Prevent disasters with the Princess Margriet Fund
Natural hazards occur every day and often affect the same vulnerable people. Time and again homes are damaged, crops are lost, and families are torn apart. Billions are spent to repair damages and save lives at the last moment.
We cannot prevent natural hazards from happening, but we can limit their consequences by acting in advance. This is why the Princess Margriet Fund was founded: to enable the Red Cross to take action before disaster strikes.
The Princess Margriet Fund develops and provides financial support to projects that increase the resilience of vulnerable communities. By making preparations with local populations before disaster strikes, we can save lives and prevent damage and suffering.
people were affected by natural disasters over the past 10 years
About the Princess Margriet Fund
Why wait with aid until disaster strikes? By taking measures in advance – like training volunteers, installing an early warning system or planting mangrove forests – we can save lives and prevent damages. On top of that, preventive action is much more efficient economically.
Still, taking preventive measures does require financial input. That is why the Netherlands Red Cross founded the Princess Margriet Fund in 2011. This Fund provides financial support to innovative projects focused on sustainable disaster prevention, allowing the Red Cross to take action before disaster strikes.
Do you wish to contribute to disaster prevention? You can by donating to IBAN NL67INGB0000007447 by name of Rode Kruis Prinses Margriet Fonds.
Her Royal Highness Princess Margriet has been involved with the Netherlands Red Cross since 1966. She started as Red Cross-assistant first class (nurse) and worked both in the field and behind a desk, from holiday projects on the Red Cross vessel Henry Dunant to the Standing Commission of the International Red Cross and Red Crescent Movement.
From 2000 onwards, Princess Margriet devoted herself to highlighting the link between climate change and natural disasters. “The discussion was about the causes, not the consequences,” she says. “So when we pointed out the disastrous consequences of climate change-related disasters for the world population, we managed to get this subject on the humanitarian agenda.”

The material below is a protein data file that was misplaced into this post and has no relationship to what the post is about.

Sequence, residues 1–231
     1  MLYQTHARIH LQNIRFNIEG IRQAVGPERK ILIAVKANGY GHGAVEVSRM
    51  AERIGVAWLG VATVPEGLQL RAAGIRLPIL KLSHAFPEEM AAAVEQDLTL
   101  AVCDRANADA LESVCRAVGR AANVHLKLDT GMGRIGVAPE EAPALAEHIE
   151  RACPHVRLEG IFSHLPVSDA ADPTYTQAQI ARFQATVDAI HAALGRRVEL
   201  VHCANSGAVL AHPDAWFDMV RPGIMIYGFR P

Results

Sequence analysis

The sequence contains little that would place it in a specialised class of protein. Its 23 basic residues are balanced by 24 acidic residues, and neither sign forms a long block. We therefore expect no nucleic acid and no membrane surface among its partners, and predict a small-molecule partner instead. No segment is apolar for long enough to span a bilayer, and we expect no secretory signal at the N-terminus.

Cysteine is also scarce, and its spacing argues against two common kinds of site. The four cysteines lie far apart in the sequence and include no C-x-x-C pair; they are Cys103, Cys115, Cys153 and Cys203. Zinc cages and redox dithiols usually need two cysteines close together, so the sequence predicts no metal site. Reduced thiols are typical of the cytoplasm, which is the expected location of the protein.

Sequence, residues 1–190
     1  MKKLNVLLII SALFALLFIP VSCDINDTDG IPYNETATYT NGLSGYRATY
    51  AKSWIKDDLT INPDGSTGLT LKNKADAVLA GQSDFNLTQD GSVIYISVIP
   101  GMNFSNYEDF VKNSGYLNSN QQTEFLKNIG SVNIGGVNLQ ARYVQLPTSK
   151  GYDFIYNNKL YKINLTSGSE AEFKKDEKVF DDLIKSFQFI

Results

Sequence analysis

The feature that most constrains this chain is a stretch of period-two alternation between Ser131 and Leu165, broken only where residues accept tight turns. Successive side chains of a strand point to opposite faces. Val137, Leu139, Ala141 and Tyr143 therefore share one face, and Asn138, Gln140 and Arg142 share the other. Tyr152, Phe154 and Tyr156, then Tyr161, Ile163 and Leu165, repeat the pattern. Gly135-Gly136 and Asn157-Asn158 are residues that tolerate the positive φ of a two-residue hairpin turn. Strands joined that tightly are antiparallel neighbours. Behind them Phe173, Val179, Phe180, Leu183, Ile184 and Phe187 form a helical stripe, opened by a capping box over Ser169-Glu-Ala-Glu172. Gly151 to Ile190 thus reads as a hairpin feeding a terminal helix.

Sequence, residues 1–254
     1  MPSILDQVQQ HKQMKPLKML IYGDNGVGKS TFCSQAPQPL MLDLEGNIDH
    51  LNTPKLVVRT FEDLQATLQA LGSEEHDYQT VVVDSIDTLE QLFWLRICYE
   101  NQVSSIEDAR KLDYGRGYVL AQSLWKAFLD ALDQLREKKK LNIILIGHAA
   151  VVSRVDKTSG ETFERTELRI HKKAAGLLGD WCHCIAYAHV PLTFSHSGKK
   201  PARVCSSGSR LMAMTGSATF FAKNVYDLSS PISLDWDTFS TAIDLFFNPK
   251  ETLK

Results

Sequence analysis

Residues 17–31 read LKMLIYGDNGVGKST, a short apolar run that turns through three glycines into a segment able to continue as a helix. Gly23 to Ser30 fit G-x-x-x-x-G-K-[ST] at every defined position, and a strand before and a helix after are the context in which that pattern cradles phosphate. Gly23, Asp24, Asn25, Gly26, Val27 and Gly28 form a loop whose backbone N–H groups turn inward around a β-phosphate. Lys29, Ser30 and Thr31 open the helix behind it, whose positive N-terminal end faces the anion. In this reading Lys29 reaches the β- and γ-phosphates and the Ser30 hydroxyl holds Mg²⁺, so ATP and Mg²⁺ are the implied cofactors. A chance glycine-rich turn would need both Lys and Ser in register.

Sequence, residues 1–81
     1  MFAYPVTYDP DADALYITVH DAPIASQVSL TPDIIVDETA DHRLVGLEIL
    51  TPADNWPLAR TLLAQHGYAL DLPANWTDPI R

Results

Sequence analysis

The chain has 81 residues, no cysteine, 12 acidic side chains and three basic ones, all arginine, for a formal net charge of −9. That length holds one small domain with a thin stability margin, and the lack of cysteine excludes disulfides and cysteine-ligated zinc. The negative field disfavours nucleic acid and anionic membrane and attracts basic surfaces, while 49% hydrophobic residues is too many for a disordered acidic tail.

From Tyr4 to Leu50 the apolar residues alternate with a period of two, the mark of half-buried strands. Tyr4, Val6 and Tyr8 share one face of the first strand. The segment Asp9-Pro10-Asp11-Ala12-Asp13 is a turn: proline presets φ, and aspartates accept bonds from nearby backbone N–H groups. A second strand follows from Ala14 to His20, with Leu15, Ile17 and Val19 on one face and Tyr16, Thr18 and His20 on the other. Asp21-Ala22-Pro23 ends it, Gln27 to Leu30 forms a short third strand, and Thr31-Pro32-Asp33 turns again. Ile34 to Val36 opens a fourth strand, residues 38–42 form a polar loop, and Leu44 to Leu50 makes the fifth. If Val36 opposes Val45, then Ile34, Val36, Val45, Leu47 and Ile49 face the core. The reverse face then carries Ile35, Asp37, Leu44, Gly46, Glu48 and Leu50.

The last twenty years, Princess Margriet worked as vice-president of the National Board of the Netherlands Red Cross. She resigned from this position in January 2011. To thank her for her tireless efforts, the Red Cross established a Fund in her name: the Princess Margriet Fund. To this day, the Princess devotes her time and energy to the Fund and its mission.
The Netherlands Red Cross Princess Margriet Fund enables the Red Cross to take action before disaster strikes. This way, we prepare people for disasters and aim to prevent damage and suffering.
Disasters affect all sectors of society. So should our preparation. This is why we don’t just train disaster response teams, but also take the natural environment into account and work on business models that increase household income. By investing in healthy ecosystems, safe communities and thriving businesses, we build disaster resilience on all fronts.
Many disasters can be traced back to (sometimes unavoidable) mismanagement of natural resources. Deforestation, for instance, increases the risk of floods and landslides. Landscape restoration and Nature-based Solutions are therefore crucial to sustainably improve community resilience. Because the Red Cross is not specialized in these matters, we work together with environmental organizations and other partners.